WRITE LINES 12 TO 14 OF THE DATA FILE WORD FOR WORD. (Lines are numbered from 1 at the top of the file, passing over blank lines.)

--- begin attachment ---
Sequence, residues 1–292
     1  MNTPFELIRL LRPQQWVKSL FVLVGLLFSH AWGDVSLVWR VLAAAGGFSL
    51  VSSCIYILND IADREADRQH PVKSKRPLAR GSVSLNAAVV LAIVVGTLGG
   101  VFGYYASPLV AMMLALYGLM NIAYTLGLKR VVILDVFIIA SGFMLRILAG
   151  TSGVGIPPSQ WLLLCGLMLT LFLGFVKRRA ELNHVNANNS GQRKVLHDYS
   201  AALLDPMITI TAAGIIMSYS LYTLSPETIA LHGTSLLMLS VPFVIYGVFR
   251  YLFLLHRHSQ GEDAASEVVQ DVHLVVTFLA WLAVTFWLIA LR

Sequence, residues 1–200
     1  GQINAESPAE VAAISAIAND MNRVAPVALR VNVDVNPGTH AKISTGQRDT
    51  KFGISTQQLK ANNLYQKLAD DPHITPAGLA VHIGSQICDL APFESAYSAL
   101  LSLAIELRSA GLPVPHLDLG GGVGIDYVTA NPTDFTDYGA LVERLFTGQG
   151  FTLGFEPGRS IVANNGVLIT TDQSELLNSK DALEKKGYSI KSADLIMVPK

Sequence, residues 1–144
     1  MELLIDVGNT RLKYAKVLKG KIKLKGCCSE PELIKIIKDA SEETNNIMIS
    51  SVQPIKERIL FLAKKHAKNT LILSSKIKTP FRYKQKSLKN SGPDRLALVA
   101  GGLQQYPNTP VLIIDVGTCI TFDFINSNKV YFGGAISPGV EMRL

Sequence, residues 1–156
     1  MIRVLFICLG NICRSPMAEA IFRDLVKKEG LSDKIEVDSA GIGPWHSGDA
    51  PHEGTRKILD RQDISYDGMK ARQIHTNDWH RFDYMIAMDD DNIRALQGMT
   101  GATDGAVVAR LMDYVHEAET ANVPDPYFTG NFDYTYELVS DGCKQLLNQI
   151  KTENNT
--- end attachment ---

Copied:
   151  FTLGFEPGRS IVANNGVLIT TDQSELLNSK DALEKKGYSI KSADLIMVPK

Sequence, residues 1–144
     1  MELLIDVGNT RLKYAKVLKG KIKLKGCCSE PELIKIIKDA SEETNNIMIS